'Probably already here': UCSF doctor says US travel ban won't stop Omicron variant from spreading

SAN FRANCISCO (KGO) -- Starting Monday, the U.S will ban entry to most travelers from several African countries. Vallejo resident, Gray Pimentel arrived from London to the Bay Area on Friday.

"I thought things were getting better quite frankly. This is so new, and it was kind of happening while we were there," said Pimentel.

As Omicron continues to spread, the UK, Japan, Brazil, Thailand and Singapore are among a growing list of countries imposing restrictions on travelers from South Africa.

Carsten missed his flight to Singapore after not meeting the testing requirements before his flight.

RELATED: New COVID-19 variant stokes world fears, triggers travel bans

"It turns out that the test results that I got from a test center were the wrong type of tests and that type of test is not accepted," said Carsten.

Strict guidelines are happening across the globe. Edwards Siu is the owner of the travel agency Classic Tour. He is getting flashbacks of the beginning of the pandemic.

"We are expecting more business coming in but now it's the new virus and its making a lot of tourist nervous and the won't want to travel," said Siu.

Italy and Germany confirmed their first case of Omicron Saturday. Michele Stoppa is glad he made it to the Bay Area safely. He was visiting family in Germany and Italy.

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There are fears that the new variant could be even more contagious than the current predominant one.



Luz Pena: "Were you concerned that you probably were going to get stuck?"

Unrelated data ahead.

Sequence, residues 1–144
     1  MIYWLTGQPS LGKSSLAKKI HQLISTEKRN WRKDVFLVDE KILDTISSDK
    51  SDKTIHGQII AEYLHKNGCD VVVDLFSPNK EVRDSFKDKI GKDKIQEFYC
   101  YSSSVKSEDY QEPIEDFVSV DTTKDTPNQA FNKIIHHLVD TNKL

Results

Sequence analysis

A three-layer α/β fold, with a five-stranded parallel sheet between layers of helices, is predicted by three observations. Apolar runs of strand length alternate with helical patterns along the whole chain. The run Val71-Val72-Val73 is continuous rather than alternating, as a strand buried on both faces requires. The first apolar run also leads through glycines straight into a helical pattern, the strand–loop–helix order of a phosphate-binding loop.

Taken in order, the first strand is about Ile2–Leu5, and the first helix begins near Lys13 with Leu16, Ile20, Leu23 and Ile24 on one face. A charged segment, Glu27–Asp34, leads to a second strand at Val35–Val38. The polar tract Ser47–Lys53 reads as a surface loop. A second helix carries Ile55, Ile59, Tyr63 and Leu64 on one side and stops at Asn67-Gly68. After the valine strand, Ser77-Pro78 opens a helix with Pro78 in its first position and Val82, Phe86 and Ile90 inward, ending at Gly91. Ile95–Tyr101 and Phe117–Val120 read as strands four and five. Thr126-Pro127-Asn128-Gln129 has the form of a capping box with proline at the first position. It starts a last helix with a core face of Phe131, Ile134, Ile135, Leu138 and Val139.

Michele Stoppa: "A little bit as always but we were confident."

UCSF's Infectious Disease expert Dr. Peter Chin-Hong believes these travel restrictions are too late.

"If it's going to be really transmissible a travel ban isn't really going to stop what is going to happen naturally. By the time you recognize something it's probably already here," said Dr. Chin-Hong.

RELATED: UK, Germany, Italy report cases of new COVID variant omicron

One of the main concerning factors of this new variant is that it had 50 mutations. That's more than any other variant, including the highly transmissible Delta variant which has 19 mutations.

"We know that our current vaccines show that they are a little bit more resistant but they still work against these variant," said Dr. Chin-Hong.

Meanwhile many are hoping they will get to travel to see their loved ones this Christmas.

"If India comes back with a lot of cases back on, then we might not be able to go," said Fremont Resident, Atul Ranade.

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